The CAPS students assembled several Berelese Funnels in the Vet Med room with the hopes of coaxing out some interesting macroinvertebrates (bugs and other soil dwelling critters).  The funnels contained a soil sample from various environments including Swickard Family Farm. The funnels were  attached to a ring stand.  A heat lamp was placed at the top of the stand.  Any soil “critters” avoided the heat and light and burrowed deeper into the soil column until they dropped out the bottom of the funnel into some waiting isopropyl alcohol.  Students identified the soil creatures under a dissecting microscope and determined what role they play in the soil food web.  Then, they worked out a lesson to teach the concepts. 

We assembled additional Berlese Funnels at Lakewood.  Mrs. Auman’s students to brought in soil samples from their own yards.  Using the reference materials the Vet Med students created, the middle school students identified the critters and their role within the soil food web.  The overarching theme was that healthy soil is the basis of keeping plants productive as well as animals healthy.  This lesson tied directly to sustainable practices at the farm.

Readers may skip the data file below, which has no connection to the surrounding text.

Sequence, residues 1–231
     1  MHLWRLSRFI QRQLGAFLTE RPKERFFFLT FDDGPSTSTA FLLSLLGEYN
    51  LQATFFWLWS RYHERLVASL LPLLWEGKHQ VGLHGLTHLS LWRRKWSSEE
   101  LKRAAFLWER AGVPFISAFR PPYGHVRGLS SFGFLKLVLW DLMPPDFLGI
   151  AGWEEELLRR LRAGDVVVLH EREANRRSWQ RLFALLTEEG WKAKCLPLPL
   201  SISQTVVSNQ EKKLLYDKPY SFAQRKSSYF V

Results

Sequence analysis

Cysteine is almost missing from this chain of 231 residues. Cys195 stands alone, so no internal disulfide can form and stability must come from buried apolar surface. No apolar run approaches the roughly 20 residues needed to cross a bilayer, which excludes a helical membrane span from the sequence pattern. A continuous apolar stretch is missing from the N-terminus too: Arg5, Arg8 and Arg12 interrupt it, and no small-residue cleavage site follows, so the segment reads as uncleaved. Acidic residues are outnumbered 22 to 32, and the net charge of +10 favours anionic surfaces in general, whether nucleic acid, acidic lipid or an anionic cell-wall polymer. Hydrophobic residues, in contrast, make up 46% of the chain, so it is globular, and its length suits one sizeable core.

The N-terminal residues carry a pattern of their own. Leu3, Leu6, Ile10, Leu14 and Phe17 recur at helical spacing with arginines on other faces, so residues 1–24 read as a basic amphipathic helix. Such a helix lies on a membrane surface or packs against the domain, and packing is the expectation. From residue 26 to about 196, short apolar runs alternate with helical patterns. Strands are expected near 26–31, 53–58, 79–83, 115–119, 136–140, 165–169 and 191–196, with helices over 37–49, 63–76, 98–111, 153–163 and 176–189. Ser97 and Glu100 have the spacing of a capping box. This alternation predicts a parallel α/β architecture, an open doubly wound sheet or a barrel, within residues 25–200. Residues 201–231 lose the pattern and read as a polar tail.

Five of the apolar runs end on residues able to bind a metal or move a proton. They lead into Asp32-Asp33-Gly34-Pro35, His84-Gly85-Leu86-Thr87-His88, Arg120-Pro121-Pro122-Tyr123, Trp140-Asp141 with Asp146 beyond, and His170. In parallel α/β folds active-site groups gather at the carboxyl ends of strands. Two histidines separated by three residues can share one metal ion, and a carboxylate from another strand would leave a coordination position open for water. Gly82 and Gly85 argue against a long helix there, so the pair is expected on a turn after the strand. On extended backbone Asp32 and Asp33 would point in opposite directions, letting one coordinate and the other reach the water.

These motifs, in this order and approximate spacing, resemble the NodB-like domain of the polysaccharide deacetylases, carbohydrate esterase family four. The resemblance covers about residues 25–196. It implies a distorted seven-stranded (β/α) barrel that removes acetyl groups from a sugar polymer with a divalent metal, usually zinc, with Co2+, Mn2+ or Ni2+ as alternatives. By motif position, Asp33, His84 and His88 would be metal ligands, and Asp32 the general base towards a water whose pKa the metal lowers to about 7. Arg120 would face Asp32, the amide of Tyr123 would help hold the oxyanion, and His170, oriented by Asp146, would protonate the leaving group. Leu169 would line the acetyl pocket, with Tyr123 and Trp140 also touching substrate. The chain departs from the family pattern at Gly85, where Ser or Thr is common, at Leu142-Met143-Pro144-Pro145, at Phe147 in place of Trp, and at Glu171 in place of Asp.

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Parent Outreach

The pig project was a central feature of the CAPS Vet Med experience. In spite of the pandemic, all parents had the opportunity to join their students at the farm throughout the school year. As a suburban district, this was the first exposure to an agriculture enterprise for many of our parents. Throughout, sustainable practices were emphasized. It was an awareness building experience for these parents as well as an opportunity to purchase pasture-raised pork.

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Sustainable Agriculture

Students are new to the course each semester. The semester starts with an introduction to sustainable agriculture using the pig project as the backdrop. Topics to kickoff the semester include seeing Managed Intensive Grazing in action and pasture raising hogs. Students do background research on soil health as a basis for animal health. Their research formed the basis for their outreach to Lakewood Middle School.

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Curricula, factsheets or educational tools

  • Lakewood Middle School – Nearpod lesson, ID teaching tool, dichotomous key worksheet to analyze water samples, Berelese Funnel key for soil organisms, Hay Infusion key for aquatic organisms

On-farm demonstrations – The farm is visited nearly daily by students. They observe the seasonal progression of farm health because of sustainable agriculture.

Learning Outcomes